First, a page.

Productivity in the workplace is a serious issue and the subject of increasing amounts of research. While financial incentives can often help people be more productive, there are loads of things you can do without anyone having to spend a penny. In this guest post, Peter Ames, from office space marketplace OfficeGenie.co.uk, outlines the most common problems and how you can turn them around.
 
Five Common Productivity Mistakes and How to Avoid Them | Teamwork.com High Performance Blog

The right work in the wrong place

First and foremost, you could simply be working in the wrong atmosphere: Different tasks are suited to different environments, so the standard office desk is a strange place to attempt everything. For example, writers may appreciate silence, while sales people want plenty of buzz; these two rarely go well together.
There are a number of solutions: Try working elsewhere in the office for a start! There might be a quieter spot that works for you, if that’s what you’re after. If not, consider working from home (if allowed) or even a coffee shop if you know one that will offer the atmosphere you’re after.
 
Five Common Productivity Mistakes and How to Avoid Them | Teamwork.com High Performance Blog

Meetings (of course)

We couldn’t write a productivity article without mentioning one of the biggest productivity bugbears (possibly even clichés) out there – meetings. Specifically, their abundance and their length. While some are unavoidable and unavoidably long, there are many that can certainly have a time limit imposed upon them – or don’t need to happen at all.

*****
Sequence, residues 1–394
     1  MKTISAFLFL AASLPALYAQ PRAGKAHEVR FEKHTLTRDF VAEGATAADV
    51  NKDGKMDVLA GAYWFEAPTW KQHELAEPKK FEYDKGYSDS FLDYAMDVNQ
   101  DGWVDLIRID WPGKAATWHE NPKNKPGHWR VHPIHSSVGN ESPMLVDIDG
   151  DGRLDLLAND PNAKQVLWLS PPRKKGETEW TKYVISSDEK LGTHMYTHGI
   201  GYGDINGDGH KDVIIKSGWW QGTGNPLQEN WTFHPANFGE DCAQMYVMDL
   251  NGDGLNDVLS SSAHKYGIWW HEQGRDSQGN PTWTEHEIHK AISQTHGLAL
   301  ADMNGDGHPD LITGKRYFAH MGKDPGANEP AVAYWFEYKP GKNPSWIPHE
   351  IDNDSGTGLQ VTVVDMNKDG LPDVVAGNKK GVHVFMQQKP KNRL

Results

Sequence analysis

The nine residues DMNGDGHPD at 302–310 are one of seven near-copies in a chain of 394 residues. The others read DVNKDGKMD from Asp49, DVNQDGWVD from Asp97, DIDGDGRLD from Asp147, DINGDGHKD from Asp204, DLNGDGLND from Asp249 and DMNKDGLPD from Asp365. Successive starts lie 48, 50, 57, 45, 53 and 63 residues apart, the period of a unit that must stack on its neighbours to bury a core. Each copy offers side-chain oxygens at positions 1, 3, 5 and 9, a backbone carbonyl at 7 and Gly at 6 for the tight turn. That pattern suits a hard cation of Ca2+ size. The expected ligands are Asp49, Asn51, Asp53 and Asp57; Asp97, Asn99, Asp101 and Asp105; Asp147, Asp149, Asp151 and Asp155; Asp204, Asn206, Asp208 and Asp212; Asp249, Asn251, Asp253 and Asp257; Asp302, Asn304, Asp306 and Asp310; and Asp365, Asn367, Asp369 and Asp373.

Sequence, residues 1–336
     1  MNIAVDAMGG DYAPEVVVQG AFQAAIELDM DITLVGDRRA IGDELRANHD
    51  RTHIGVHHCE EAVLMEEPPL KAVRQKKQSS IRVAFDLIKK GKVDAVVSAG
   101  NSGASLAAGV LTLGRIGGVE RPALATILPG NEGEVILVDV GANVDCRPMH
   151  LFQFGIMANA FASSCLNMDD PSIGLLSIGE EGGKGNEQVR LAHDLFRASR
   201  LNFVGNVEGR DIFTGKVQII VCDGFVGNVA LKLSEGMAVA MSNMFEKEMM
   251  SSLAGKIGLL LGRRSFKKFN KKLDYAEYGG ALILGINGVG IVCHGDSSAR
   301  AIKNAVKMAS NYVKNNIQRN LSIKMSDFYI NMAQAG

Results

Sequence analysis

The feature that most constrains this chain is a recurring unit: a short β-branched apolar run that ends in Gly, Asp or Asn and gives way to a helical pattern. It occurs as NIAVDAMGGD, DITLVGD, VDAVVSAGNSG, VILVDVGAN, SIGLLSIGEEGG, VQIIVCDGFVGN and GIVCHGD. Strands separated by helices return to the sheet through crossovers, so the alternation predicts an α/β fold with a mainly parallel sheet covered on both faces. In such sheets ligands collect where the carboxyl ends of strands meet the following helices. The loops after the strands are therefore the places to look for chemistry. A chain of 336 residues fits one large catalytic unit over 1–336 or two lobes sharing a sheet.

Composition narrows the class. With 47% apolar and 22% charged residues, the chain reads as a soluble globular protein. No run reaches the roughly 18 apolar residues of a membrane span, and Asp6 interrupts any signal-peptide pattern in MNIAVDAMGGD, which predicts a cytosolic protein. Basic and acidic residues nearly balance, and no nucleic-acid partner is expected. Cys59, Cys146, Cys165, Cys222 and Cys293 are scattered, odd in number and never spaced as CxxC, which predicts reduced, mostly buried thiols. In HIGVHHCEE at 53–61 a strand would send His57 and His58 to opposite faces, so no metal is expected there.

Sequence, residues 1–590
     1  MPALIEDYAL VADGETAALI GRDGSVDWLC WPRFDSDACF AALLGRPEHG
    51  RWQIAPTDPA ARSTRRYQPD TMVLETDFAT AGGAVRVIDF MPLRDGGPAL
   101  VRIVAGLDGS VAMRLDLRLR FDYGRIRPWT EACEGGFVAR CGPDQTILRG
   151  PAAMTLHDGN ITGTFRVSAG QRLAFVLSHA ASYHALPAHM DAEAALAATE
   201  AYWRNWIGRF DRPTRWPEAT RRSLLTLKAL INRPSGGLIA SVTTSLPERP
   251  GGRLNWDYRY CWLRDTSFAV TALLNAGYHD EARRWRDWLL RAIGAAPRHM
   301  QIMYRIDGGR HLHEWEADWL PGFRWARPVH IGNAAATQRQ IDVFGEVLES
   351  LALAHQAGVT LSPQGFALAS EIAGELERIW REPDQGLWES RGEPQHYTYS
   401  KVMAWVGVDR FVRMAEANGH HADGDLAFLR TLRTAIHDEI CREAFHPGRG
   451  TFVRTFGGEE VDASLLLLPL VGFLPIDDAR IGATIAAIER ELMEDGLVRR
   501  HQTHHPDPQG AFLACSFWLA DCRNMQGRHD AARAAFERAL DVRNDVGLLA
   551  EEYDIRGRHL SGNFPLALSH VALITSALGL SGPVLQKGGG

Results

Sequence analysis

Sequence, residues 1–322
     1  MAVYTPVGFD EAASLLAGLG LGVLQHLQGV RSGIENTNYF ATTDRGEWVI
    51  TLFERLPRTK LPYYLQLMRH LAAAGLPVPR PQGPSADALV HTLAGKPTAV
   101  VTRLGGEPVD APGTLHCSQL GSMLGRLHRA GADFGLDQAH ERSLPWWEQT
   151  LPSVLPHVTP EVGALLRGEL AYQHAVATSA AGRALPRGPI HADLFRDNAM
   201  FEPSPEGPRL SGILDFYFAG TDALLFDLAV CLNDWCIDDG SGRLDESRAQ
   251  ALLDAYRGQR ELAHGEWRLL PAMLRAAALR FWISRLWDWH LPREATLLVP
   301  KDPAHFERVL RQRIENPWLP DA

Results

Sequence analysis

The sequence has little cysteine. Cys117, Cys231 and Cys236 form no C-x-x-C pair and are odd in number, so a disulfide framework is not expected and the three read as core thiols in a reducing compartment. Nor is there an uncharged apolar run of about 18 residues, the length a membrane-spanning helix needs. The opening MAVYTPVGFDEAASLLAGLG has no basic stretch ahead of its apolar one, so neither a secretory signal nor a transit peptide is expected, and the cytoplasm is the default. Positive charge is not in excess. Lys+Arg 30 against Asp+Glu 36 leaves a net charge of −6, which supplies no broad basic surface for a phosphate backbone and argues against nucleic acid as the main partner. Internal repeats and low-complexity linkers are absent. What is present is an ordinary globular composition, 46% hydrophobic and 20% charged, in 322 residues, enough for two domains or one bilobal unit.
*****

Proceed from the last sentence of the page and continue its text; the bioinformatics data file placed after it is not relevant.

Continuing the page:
If you want to be even more productive why not try a walking meeting? The benefits are twofold: Firstly, the slightly more dynamic situation and change of scenery may well help ideas develop. Furthermore, exercise can also boost your productivity (as well as your health).
 
Five Common Productivity Mistakes and How to Avoid Them | Teamwork.com High Performance Blog

Trawling through your emails

Up there with meetings, emails get a lot of flak when it comes to their effect on productivity, but it’s easy to see why: We can spend up to 30 hours a week reading emails! Of course, some require urgent attention – but how many messages does this genuinely apply to on a day-to-day basis?
To get around this – set aside yourself some email time every day. Periods that work best when you are warming up or cooling down (so to speak), so 9-9.30, 1-1.30, and 4.30-5 are great blocks to deal with your emails in one fell swoop.
 
Five Common Productivity Mistakes and How to Avoid Them | Teamwork.com High Performance Blog

Take a break!

It’s really important you take as many breaks as are acceptable during the day. You may feel like you’re slacking off, but when you come back you’re often more productive. The stats back it up too. Periods away from the desk make you all the better when you’re back!
On a bigger scale, it’s also important you take vacation time. While you need breaks during the day, you certainly need breaks during the year. One in five UK workers do not use up their full vacation allocation, so ensure you’re not one of them if you want to work at your best.
 
Five Common Productivity Mistakes and How to Avoid Them | Teamwork.com High Performance Blog

Too many things at once

The problem with taking on a lot of work is you’ll often try to tackle it in one go. This can be a recipe for disaster, and more often than not you end up flicking between them endlessly. By trying to do a lot you end up doing nothing at all.
This is where to-do lists come in handy. It’s very satisfying being able to take something off a list – we find it makes you an awful lot more likely to prioritize and get stuff done. Evernote even lets you create tick boxes within your lists/notes – so you can literally tick them off, which is hugely rewarding.
As with everything else on this list it’s a relatively small step. However, with this, and a few of the above, you might be more productive sooner than you thought.
Peter Ames is head of strategy at Office Genie, a desk and office space marketplace for freelancers and small businesses
 
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